Thursday, June 21, 2007

Broken Promises of Drag-and-Drop Programming in SSIS

I'll come right out and say it: I am no fan of drag-and-drop programming. Perhaps I've been emotionally scarred by FrontPage 2000 or something? This doesn't mean that I don't appreciate the ability to drop a command button on a form, or create an HTML table with a pencil. But it does mean that I don't like (or appreciate) companies telling me that their drag-and-drop environments will 'jump start' me or 'do all the dirty work', because inevitably, I find myself in a position where I have to either (a) debug the generated code, (b) work around an undesired behavior, or (c) write the code myself anyway.

Take SSIS for example.

I am in the process of a large ETL project involving VFP and SQL Server 2005. We are taking data from SQL Server and populating VFP free tables (for re-distribution with our installed apps). Yes, you read right: SQL Server back to FoxPro.

So the company, long ago (and maybe in a galaxy far, far away), decided to use SSIS as the ETL tool of choice. Now, everything is in SSIS and a lot of time and effort has been put into the endeavor. With scores of packages extracting data from a variety of sources, SSIS has proved reasonably useful from a management and execution point-of-view. But I have to tell you, writing complex SSIS packages is no breeze -- and the whole 'drag-and-drop' approach is seriously getting in the (read: my) way.

I took an inventory of all the work I needed to do for this project. Here's the skinny:


The extracted data can have one or multiple sources (spanning multiple SQL Server databases) and destinations (each with a different FoxPro data schema and each potentially on different computers on the Network). I also need to be able to call packages from other packages. As a result, a lot of time was spent on setting up variables (and configuring the child packages to receive them from their parent). These variables are used extensively throughout the solution (in the connection manager and in various expressions for example -- and don't get me started on the expression builder!).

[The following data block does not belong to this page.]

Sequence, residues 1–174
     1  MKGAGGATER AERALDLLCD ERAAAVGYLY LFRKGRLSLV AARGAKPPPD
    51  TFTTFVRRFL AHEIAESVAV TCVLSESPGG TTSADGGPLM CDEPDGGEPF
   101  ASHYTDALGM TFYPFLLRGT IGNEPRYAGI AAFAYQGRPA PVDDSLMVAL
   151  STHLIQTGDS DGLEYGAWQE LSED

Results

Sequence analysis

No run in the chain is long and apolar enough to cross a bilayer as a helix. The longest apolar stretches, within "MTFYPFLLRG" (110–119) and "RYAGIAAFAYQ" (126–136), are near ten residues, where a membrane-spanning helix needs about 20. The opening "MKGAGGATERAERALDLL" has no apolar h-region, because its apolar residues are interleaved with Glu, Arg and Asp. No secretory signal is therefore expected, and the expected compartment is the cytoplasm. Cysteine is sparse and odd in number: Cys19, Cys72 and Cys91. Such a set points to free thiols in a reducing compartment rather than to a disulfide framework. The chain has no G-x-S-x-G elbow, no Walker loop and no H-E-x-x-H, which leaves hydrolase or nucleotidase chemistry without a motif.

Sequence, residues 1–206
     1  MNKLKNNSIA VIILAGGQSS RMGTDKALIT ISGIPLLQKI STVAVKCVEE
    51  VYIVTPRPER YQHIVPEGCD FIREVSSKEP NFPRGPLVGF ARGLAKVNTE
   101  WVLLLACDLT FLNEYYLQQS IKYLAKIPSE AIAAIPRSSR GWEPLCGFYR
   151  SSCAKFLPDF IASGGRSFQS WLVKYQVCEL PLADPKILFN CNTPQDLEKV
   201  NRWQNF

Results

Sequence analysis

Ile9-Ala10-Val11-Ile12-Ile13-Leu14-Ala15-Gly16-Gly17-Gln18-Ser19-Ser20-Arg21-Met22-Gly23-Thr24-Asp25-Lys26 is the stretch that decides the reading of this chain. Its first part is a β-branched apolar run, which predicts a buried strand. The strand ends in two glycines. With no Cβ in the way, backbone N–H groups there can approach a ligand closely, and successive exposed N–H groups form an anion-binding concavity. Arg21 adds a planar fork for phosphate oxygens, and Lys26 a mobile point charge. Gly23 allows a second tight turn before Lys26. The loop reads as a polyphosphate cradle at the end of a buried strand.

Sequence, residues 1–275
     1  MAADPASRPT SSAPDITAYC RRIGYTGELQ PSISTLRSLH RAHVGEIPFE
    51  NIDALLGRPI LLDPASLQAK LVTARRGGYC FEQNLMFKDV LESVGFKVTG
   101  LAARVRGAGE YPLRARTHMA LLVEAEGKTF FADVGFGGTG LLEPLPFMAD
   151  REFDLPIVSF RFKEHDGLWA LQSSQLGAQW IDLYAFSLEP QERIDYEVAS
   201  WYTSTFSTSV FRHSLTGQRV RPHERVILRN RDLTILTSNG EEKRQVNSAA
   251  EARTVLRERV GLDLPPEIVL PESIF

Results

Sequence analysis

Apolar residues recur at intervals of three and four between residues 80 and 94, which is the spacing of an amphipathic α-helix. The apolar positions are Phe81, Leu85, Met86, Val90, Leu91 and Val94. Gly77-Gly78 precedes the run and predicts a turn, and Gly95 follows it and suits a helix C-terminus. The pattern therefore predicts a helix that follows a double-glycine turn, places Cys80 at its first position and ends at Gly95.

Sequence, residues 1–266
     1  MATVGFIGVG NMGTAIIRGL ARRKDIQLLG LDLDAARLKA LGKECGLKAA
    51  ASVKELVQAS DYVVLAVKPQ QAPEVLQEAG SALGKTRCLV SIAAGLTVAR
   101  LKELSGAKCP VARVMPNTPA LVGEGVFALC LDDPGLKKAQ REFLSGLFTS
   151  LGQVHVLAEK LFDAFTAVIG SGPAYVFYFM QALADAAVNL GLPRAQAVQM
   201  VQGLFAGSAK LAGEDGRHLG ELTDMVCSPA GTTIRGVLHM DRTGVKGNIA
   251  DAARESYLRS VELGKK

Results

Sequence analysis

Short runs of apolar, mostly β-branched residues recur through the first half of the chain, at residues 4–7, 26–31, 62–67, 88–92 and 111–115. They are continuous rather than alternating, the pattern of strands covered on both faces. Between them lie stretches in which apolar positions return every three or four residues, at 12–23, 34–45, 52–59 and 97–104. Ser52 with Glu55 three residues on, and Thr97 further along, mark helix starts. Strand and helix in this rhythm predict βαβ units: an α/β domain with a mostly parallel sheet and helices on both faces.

Here's were drag-and-drop programming really starts to fall short. My sources, almost every one of them (there are dozens of sources in the solution) use SQL statements -- instead of actual Tables (or views) -- to gather the data (using the OLE provider, not the native driver, by the way). This really isn't a big deal and in fact gives me a ton of flexibility, and I'm sure this approach is rather common.

For example, the FoxPro datasets do not support NULLs in any column (don't ask me why, and it's too late to fix it!). In the drag-and-drop world, one might drag a Derived Column tool, fight with the expression field, and 'replace' the NULLed column using an expression with some non-null value one at a time. Ugh. I tried this once and let me tell you: just build NULL elimination into the SQL statement using coalesce instead. Save yourself some aggravation and a headache. Also, while you're at it, do all your converts, trims, calculations in there as well. In my tests, performance was not affected by this approach (using a database with several million records). As I've mentioned many times before though, I'm not an expert on benchmarking. But you can write SQL much quicker than using that darned expression dialog box -- not to mention everything is right out in front of you in an SQL statement, and if you need to debug or experiment with the SQL, just copy and paste it into SSMS and off you go (try doing that with the Derived Column tool).


Why is it that, with the entire toolbox of transformations provided by SSIS, I am always forced into using the Script transformation, the Union All as a terminator (so my lookups don't complain about error output), and non-standard tools (such as the Lookup) to manipulate and filter data? I've already mentioned that Derived Columns and similar tools can be accomplished using good old fashioned SQL.


Sorry folks, I'm not going here. Forget it. I might be likely to say something I'll regret.


When looking at this integration project as a whole, I came to realize two important facts:

  • The core functionality of the package is hand-written code (the SQL, transformations, even setting up the variables);

  • And, that most of the time to put this together (about 60 hours of programming in total) was spent on getting SSIS to behave and 'flow'.

It turns out that drag-and-drop programming isn't really the answer IMO. Sure, it might get you off the ground, but I find that tools like SSIS just get in the way more than anything else.

So I have to ask: Why bother? If I had hand-coded this in VFP (or any other data-centric language), it would have been done last week, and it would have been just as easy to execute, maintain, and turn over. Especially if I had a framework to start off with. Hmmn...


Mr. Curious said...

Can you write the same package in .net?

Tod McKenna said...

I don't see why not, but my gut tells me it would be twice as difficult (I do a lot of work in C#, but I have no problem admitting that C# is not my 'first' language, or my second!).

I think a language like PHP could compete with VFP, mainly because cost and resource availability are non-issues.

Tod McKenna said...

Oh, and not to mention VFP tables are used for the destination. Using VFP avoids the need to use ODBC or other connection methods to write to the tables. It's all native... and FAST.